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Summary Article: Jameson, [Margaret] Storm
from Continuum Encyclopedia of British Literature

Writing her own mock obituary in her AUTOBIOGRAPHY, Jameson presents herself as “bedevilled” by contrary impulses: “The ambition, a blind hunger to become a figure, and to use her brain and exceptional energy, which drove her to write and brought her a measure of success, was undermined by a certain weakness of character and by a paradoxical lack of respect for money and honours, and her hatred of a settled life.” Yet this somewhat self-deprecating definition omits her achievement as a writer and intellectual who published thirty-seven novels as well as several volumes of autobiography and critical essays.

Her early writing—she began publishing novels in 1919—and the later fictional autobiography The Journal of Mary Hervey Russell (1945) are concerned with the position of women of her generation both during and in the immediate aftermath of World War I. Jameson’s preoccupation with the war, which killed her younger brother, and her fear of another war, identify her with contemporaries who were writing during the war and in the 1920s and 1930s, such as Enid BAGNOLD, Vera BRITTAIN, and Irene Rathbone, although Jameson’s work does not deal with women’s experience in war service, but with their struggle to survive and carve out independent lives for themselves in spite of hardship and poverty. In particular, she depicts the psychological and economic burden carried by the woman who wants both independent work and to bring up her children. The emotional pain of leaving her young son behind in Yorkshire while she worked in London is revisited almost compulsively in her novels and in her autobiography, Journey from the North (2 vols., 1969–70). In spite of her sensitivity to this dilemma, her writing is not a feminist polemic, but a sharply perceptive detailing of everyday existence that captures both the emotional and physical lives of her characters. Her novels of the twenties and her autobiography continually evoke the mood of an almost unbearable loss in the aftermath of the war; the absent young men who had been her companions as an undergraduate at the University of Leeds are paradoxically ever-present, as are the lost prewar selves of those who survived. Her Mirror in Darkness trilogy—Company Parade (1934), Love in Winter (1935), and None Turn Back (1936)—shows an acute awareness of the psychological tensions between the men who returned from the war and the women who loved them.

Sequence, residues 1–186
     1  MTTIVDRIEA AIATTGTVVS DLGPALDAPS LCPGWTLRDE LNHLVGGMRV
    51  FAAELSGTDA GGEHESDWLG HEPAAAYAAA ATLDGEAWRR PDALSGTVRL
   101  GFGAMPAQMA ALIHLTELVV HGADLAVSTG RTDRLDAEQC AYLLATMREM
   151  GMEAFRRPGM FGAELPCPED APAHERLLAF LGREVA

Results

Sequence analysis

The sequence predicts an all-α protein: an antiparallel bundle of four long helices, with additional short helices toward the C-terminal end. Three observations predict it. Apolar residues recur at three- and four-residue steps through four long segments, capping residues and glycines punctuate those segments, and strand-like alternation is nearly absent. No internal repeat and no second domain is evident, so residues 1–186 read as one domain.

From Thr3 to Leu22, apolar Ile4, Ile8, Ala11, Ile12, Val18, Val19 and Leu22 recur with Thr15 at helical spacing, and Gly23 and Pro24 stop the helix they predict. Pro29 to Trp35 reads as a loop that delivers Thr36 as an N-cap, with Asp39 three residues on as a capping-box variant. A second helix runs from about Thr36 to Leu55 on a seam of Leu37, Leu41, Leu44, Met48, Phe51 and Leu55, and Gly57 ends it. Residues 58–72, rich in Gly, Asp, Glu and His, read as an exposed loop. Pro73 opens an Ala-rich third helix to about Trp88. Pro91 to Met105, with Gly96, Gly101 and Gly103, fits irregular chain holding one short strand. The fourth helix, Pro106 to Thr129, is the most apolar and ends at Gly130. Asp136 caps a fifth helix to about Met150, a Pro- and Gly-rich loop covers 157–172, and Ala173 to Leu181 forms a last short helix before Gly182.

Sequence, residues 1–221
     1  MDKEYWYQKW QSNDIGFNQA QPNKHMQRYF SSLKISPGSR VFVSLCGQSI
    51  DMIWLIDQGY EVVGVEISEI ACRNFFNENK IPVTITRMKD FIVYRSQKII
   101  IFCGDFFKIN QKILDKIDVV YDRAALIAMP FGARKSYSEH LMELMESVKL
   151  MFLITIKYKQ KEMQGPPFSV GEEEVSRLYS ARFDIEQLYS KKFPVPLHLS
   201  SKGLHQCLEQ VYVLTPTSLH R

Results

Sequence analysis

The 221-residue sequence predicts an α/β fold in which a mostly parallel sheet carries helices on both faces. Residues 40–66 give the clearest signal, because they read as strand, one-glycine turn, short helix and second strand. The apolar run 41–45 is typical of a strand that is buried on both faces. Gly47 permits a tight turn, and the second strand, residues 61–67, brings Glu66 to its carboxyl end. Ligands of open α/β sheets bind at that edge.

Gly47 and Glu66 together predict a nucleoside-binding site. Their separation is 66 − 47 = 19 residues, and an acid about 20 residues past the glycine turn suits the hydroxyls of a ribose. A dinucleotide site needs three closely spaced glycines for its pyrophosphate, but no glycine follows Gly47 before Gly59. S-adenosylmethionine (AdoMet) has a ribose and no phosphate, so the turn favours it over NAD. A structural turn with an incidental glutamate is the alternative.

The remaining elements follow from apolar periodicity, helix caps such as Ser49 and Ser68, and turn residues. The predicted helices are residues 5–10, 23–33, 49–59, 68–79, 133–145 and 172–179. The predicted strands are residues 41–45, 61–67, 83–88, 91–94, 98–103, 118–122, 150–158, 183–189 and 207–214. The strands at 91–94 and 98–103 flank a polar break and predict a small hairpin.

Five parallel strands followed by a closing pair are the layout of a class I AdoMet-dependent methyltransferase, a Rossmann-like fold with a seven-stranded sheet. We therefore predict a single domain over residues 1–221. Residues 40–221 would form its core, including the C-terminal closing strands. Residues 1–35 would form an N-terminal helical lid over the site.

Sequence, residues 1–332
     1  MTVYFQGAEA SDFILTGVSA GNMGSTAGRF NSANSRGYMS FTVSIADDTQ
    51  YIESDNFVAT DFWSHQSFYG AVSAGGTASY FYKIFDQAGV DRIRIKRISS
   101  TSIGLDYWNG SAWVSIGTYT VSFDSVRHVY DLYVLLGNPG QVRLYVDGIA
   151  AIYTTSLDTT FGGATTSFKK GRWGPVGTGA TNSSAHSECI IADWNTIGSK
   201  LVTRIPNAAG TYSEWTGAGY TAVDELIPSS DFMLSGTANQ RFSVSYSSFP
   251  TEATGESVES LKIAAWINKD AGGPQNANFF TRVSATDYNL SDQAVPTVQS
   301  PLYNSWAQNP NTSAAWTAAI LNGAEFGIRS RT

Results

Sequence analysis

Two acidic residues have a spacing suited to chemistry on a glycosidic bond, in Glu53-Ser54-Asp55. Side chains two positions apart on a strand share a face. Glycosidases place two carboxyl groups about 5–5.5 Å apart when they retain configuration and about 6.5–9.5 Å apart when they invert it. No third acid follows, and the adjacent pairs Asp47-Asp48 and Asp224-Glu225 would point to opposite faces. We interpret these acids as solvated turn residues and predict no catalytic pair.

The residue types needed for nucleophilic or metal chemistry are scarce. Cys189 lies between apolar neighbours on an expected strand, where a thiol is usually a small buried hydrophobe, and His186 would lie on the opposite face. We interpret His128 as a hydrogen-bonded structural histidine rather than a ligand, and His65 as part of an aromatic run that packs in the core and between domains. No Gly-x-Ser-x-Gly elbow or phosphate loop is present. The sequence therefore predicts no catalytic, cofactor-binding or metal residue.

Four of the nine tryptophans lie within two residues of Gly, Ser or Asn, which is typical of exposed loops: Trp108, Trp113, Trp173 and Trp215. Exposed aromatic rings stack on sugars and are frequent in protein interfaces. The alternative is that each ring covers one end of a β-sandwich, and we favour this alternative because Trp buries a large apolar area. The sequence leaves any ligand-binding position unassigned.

Her novels of the 1930s are increasingly preoccupied by the conditions in Europe and the rise of fascism. In the Second Year (1936) foresees another war. Her writing of this period is necessarily informed by her involvement with European politics on an intellectual and practical level that led to her presidency of the British chapter of International PEN from 1938 to 1945. During World War II, she worked indefatigably to rescue Jewish intellectuals and other writers, providing practical aid in the form of food and shelter and writing thousands of letters to governments and other agencies in Britain and Europe. Her efforts saved thousands of lives and yet she felt the terrible frustration of her task: “For one person we got out, ten, fifty, five hundred sank.” Jameson still managed to publish twelve novels during the war. In its immediate aftermath, she traveled to devastated areas of Europe, such as Warsaw and Cracow, endeavoring to make contact with writers and commenting on the conditions in her autobiography, essays, and in novels like The Black Laurel (1947)

A certain perversity toward writing as a profession is revealed in a vitriolic attack on a female novelist in the novella “Delicate monster” in Women against Men (1933). “The novelist hardened by his profession,” Jameson wrote, “will take notes—of his feelings, exclamations and so on—at his child’s deathbed.” Jameson was too concerned with writing novels that carried intellectual weight to embrace experimental forms of MODERNISM. However, her ability to convey the psychology of her characters owes something to stream of consciousness writing, and at her best she succeeds in convincing her reader of the connection between the private inner world of the individual and the larger movements of history.

Bibliography Labon, J., “Tracing S. J.,” Women 8, 1 (1997): 33–47; McDowell, M. B., “S. J.,” in Staley, J. F., ed., British Novelists, 1890–1929: Modernists, DLB 36 (1985): 70–79

Carol Acton

© 2006 The Continuum International Publishing Group, Ltd

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